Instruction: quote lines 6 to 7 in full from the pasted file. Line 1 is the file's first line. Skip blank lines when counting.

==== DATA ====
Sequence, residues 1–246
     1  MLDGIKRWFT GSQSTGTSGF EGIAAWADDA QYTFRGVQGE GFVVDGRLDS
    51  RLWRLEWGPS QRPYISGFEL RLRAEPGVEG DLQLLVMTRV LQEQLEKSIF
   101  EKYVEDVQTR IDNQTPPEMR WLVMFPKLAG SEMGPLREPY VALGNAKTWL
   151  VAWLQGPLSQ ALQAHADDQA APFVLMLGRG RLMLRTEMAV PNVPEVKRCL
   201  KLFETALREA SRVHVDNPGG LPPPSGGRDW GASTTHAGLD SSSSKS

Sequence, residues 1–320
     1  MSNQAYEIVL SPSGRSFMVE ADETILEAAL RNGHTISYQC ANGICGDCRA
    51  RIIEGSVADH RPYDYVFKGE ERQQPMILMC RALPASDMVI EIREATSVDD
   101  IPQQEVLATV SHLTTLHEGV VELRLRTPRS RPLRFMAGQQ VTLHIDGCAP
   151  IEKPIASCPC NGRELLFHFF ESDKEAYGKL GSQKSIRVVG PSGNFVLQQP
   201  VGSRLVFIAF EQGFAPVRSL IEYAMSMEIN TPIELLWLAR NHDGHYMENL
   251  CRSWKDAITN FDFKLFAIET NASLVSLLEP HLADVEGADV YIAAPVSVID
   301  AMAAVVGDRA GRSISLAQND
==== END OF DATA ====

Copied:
   201  KLFETALREA SRVHVDNPGG LPPPSGGRDW GASTTHAGLD SSSSKS

Sequence, residues 1–320